Readers Predict in 1936 Which Novelists Would Still Be Widely Read in the Year 2000

colophon

Few know as much about our incompetence at predicting our own future as Matt Novak, author of the site Paleofuture, “a blog that looks into the future that never was.” Not long ago, I interviewed him on my podcast Notebook on Cities and Culture; ever since, I’ve invariably found out that all the smartest dissections of just how little we understand about our future somehow involve him. And not just those — also the smartest dissections of how little we’ve always understood about our future. Take, for example, the year 1936, when, in Novak’s words, “a quarterly magazine for book collectors called The Colophon polled its readers to pick the ten authors whose works would be considered classics in the year 2000.” They named the following:

At first glance, this list might not look so embarrassing. Nobel laureate Sinclair Lewis remains oft-referenced, if much more so for Babbitt (iPad/iPhone – Kindle + Other Formats – Read Online Now), his 1922 indictment of a business-blinkered America, than for It Can’t Happen Here, his bestselling Hitler satire from the year before the poll. Most Americans passing through high school English still bump into Willa Cather, Robert Frost (four of whose volumes you can find in our collection Free eBooks), and perhaps Eugene O’Neill (likewise) and Theodore Dreiser (especially through Sister CarrieiPad/iPhone – Kindle + Other Formats – Read Online Now) as well.

Some of us may also remember Stephen Vincent Benét’s epic Civil War poem John Brown’s Body from our school days, but it would take a well-read soul indeed to nod in agreement with such selections as New England historian James Truslow Adams and now little-read (though once Sinclair- and Dreiser-acclaimed) fantasist James Branch Cabell. The well-remembered George Santayana still looks like a judgment call to me, but what of absent famous names like F. Scott Fitzgerald, William Faulkner, Ernest Hemingway, or maybe James Joyce? The Colophon‘s editors included Hemingway on their own list, but which writers do you think stand as the Fitzgeralds and Faulkners of today — or, more to the point, of the year 2078? Care to put your guess on record? Feel free to make your predictions in the comments section below.

via @ElectricLit/Smithsonian

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Colin Marshall hosts and produces Notebook on Cities and Culture and writes essays on cities, language, Asia, and men’s style. He’s at work on a book about Los Angeles, A Los Angeles Primer. Follow him on Twitter at @colinmarshall or on Facebook.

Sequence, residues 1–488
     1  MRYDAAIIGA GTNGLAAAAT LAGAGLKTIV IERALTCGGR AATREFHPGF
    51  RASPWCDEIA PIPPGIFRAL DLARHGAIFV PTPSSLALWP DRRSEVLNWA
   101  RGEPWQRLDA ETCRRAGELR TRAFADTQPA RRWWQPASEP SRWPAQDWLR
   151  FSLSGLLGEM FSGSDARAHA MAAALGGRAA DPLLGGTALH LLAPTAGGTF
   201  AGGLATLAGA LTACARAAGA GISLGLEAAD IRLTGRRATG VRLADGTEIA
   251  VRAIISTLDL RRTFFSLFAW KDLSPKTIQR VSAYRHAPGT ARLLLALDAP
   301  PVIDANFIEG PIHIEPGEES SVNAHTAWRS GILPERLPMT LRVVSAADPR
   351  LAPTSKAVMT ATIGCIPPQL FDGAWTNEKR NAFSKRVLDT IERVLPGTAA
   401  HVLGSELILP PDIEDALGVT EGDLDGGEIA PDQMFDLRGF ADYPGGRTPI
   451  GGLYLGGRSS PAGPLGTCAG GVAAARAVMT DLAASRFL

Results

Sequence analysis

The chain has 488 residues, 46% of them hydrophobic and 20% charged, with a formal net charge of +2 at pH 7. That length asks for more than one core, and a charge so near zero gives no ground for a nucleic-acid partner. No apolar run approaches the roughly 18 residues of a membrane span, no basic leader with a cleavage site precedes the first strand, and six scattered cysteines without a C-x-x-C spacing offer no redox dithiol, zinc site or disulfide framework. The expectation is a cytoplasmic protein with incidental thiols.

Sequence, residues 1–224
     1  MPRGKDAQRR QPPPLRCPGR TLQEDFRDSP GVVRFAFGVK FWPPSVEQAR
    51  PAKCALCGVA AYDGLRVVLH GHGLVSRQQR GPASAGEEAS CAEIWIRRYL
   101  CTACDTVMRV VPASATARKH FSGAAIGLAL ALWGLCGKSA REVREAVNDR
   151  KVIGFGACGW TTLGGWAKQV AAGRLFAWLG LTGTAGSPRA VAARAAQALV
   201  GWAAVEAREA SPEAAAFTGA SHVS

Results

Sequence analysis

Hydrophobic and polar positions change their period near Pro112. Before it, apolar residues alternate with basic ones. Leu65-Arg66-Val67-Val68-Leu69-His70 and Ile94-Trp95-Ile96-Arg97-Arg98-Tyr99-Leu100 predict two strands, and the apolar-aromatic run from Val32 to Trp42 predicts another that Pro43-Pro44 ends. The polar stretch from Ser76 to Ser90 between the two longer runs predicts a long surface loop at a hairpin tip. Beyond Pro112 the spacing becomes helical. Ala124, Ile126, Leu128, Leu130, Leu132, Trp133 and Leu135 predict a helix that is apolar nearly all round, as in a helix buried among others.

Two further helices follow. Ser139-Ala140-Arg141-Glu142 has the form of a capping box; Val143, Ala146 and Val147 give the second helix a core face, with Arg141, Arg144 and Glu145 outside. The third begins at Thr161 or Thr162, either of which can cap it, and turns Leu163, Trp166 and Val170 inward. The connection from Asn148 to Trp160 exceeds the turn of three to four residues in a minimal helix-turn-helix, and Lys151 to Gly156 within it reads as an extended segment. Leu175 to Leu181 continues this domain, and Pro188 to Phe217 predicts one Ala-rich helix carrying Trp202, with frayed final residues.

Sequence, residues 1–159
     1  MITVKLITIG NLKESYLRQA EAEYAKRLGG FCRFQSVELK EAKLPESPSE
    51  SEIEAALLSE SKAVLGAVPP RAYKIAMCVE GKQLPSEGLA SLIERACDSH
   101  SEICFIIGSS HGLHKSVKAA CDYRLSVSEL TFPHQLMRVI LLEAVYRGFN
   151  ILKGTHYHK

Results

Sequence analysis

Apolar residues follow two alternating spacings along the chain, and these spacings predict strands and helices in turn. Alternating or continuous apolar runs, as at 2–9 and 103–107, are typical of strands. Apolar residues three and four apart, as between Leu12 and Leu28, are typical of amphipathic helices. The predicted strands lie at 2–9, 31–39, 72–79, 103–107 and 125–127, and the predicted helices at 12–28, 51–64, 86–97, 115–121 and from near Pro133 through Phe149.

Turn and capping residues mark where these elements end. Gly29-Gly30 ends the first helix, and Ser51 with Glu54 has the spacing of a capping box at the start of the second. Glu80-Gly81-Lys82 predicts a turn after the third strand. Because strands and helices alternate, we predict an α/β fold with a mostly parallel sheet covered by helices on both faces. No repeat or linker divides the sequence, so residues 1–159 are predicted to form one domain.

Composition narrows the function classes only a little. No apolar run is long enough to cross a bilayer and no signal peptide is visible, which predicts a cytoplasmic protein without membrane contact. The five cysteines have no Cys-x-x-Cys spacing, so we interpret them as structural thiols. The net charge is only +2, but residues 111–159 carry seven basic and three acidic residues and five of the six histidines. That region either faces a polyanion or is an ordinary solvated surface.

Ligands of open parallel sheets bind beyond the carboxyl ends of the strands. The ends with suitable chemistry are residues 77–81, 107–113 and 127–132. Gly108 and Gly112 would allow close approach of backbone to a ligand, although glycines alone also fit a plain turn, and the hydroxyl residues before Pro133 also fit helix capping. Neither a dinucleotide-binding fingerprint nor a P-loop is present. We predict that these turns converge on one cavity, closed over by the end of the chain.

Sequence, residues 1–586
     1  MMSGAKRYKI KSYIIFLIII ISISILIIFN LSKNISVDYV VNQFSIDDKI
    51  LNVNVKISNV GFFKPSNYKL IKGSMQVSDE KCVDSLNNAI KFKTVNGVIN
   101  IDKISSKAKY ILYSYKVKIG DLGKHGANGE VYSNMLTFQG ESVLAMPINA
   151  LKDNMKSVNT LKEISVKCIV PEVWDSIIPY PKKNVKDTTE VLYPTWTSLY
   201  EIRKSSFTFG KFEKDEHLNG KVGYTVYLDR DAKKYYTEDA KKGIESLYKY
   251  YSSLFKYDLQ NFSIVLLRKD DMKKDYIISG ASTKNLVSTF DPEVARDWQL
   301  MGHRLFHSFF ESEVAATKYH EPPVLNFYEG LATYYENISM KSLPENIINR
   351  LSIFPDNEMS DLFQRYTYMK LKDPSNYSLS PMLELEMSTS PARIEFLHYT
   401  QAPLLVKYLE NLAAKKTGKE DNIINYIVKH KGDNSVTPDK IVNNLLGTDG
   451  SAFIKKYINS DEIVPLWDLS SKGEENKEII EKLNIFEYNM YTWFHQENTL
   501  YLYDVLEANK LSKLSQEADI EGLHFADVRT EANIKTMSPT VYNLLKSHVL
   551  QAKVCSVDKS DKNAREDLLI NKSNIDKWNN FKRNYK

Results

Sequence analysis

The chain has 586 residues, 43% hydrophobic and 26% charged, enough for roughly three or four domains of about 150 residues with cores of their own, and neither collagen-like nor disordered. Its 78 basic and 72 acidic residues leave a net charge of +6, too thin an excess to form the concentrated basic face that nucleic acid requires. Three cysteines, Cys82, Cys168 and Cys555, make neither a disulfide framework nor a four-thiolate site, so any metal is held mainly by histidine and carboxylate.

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  • bjza says:

    I am not surprised to see Frost and St Vincent Millay as the representative poets. The latter experimented (quite successfully) with modernist poetics (“Spring”, “Wild Swans”), but the bulk of her work is late- or neo-romantic, much like Frost, in style and substance. Easily digestable, uncontroversial even when it tries to be.

  • timwalters says:

    Looks pretty good on second and third glance as well. Cabell is still quite popular among fantasy fans (at least of my generation), so that’s nine out of ten (twelve out of fourteen with the editors’ choices). They missed the modernists, and didn’t guess that we’d still be reading pulp writers like Edgar Rice Burroughs, but I wouldn’t expect either of those groups to be on book collectors’ radar in 1936.

  • LiamGarrett says:

    Guesses: David Foster Wallace, Jonathon Safran Foer, Dave Eggers, Don DeLillo, but I guess these are obvious guesses.

  • CODE says:

    Isabel Allende, James Baldwin, and Margaret Atwood.

  • Melissa says:

    Isaac Marion(I’d hope) and probably Suzanne Collins.

  • songmango says:

    Most of the writers from 1936 are distinctly middle-brow u2013 fairly accessible. Millay is really the only one with weight. Dreiser for one book is a good choice. But really u2013 how far off with they with Fitzgerald, who, just with Gatsby probably outsells all the others combined today.

  • Yazman says:

    I’d say Stephen King, Michael Crichton and Neil Gaiman.

  • Bill W. says:

    To be fair, the likes of Hemingway, Faulkner, and Steinbeck were just getting popular around 1936…they had just a little ways to go still before they reached Literary God-status!

  • Michael Schein says:

    I believe Stephen King will be on the list. Sure, pop literature in many minds but a far bigger impact on the culture than many of the names mention above. And I stand by my belief that he has a truly distinctive voice.

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